So although we occasionally describe a Masters student by the discipline they studied at undergraduate level (graphic designer, textile designer, architect, weaver etc) we don’t ask them to identify a problem and say “How can I, as a graphic designer, tackle this?” We ask them to say “How can we, as designers, help tackle this?”
Because designers shouldn’t be constrained by disciplinary boundaries, they shouldn’t work alone, and they shouldn’t claim to know better than anyone else.
Personally I think it’s a shame this level of thinking has to wait till Masters, but until the creative disciplines start being creative about their own practice, I don’t think that’s going to happen anytime soon.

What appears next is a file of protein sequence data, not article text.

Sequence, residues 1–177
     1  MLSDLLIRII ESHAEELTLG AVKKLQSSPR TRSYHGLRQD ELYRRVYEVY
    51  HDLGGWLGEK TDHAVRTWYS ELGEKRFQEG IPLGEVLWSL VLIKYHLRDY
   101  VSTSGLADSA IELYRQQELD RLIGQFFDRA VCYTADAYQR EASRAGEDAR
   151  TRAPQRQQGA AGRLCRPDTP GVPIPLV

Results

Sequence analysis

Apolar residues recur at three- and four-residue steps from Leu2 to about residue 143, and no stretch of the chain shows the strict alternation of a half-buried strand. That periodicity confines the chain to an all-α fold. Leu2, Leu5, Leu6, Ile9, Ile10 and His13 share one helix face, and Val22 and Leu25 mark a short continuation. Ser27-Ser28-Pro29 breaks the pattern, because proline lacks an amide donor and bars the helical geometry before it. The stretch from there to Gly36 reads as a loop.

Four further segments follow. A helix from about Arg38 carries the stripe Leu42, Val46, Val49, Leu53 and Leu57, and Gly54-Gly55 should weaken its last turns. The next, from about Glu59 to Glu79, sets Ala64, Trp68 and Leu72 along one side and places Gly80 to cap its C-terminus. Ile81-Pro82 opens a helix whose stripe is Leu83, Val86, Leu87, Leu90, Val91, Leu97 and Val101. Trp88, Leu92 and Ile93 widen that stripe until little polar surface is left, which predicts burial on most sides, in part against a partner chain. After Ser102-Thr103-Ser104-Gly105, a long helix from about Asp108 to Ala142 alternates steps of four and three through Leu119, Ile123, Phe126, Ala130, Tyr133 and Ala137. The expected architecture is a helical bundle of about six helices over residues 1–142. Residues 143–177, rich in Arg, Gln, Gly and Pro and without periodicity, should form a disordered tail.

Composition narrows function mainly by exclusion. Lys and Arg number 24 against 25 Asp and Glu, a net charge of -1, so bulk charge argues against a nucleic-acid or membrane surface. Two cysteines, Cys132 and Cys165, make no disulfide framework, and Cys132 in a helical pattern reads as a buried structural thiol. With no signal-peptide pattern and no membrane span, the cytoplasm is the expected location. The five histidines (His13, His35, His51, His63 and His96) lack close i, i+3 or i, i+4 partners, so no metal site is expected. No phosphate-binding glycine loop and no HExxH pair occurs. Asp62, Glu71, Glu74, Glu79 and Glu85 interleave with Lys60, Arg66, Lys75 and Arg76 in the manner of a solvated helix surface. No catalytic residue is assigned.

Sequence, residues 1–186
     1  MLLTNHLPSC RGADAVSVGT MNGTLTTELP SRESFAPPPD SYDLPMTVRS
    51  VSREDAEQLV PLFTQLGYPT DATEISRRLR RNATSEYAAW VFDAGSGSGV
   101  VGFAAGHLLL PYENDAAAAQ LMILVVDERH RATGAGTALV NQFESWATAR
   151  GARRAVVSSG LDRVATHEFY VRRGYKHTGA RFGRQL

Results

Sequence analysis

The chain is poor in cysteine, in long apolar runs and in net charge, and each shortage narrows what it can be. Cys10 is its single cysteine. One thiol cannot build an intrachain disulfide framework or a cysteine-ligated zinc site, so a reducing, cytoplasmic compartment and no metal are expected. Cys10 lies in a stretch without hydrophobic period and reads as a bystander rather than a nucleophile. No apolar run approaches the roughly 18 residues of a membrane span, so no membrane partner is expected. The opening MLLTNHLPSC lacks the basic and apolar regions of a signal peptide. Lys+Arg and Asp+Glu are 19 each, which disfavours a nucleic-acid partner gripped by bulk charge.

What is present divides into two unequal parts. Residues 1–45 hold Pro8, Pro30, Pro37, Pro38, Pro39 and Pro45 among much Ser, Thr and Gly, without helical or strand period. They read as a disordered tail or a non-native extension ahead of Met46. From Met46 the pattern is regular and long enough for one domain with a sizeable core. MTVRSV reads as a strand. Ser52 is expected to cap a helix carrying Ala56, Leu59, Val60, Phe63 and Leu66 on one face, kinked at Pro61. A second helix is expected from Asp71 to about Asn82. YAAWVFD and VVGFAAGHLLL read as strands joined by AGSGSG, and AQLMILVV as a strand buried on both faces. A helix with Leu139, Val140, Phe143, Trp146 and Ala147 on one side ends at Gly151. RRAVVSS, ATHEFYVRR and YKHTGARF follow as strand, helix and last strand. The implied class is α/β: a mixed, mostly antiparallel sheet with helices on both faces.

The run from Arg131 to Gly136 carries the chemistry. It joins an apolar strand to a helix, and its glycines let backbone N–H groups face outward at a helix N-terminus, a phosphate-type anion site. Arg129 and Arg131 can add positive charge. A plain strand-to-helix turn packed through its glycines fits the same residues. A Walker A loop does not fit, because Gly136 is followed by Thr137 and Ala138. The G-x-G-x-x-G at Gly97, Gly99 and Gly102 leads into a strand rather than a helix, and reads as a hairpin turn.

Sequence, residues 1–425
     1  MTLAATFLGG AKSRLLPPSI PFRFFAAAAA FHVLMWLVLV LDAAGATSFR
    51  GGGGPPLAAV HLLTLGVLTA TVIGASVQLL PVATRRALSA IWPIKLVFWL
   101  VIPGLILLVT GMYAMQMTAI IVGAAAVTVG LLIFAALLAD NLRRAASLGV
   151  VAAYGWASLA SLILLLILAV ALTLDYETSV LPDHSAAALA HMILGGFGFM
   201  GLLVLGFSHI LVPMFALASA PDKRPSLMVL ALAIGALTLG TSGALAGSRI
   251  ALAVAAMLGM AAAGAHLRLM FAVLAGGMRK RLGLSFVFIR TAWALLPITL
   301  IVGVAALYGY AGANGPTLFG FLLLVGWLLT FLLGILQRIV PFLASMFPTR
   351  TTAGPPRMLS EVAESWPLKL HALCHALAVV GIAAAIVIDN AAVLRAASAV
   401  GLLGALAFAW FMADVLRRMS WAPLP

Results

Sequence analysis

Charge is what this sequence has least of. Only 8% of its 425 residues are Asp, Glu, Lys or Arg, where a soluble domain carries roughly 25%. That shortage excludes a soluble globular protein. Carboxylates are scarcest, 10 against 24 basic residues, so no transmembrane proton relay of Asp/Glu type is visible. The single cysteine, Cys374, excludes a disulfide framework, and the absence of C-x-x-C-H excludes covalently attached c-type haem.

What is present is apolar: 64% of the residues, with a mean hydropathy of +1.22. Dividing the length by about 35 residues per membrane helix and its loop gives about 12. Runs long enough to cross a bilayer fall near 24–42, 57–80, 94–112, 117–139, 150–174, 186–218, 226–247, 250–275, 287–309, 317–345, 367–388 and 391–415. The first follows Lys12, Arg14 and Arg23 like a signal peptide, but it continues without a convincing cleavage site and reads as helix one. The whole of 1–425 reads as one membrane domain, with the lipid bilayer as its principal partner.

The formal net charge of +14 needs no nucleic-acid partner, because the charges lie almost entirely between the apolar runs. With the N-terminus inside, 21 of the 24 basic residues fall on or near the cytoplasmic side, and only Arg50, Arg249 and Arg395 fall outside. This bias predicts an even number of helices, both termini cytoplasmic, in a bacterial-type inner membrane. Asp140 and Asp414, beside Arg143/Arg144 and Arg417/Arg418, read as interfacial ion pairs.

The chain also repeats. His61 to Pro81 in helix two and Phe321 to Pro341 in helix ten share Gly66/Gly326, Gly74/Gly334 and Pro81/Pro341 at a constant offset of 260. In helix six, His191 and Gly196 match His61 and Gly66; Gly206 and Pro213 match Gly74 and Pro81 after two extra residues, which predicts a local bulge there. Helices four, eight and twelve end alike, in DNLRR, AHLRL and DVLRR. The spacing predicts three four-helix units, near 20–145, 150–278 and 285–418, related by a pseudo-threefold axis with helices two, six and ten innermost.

When I was a child I used to be taken to Mass and week after week read the words on the order of service. The longest of sections was the Credo (“I believe”). It wasn’t until I was about 13 or so I realised this thing actually consisted of words and sentences, rather than just sounds (Vatican II really not working in my case), and I began to wonder if I actually did believe in these things at all. When I started teaching design I found colleagues telling me how they taught and assessed. Unlike them I’d never gone through ‘art school’ and so my first reaction was to think “why on earth do you do it like that?” They were reciting the credo, enacting the rituals, despite the fact that the world had moved on and it was clear that few of the methods worked anymore (if they ever did).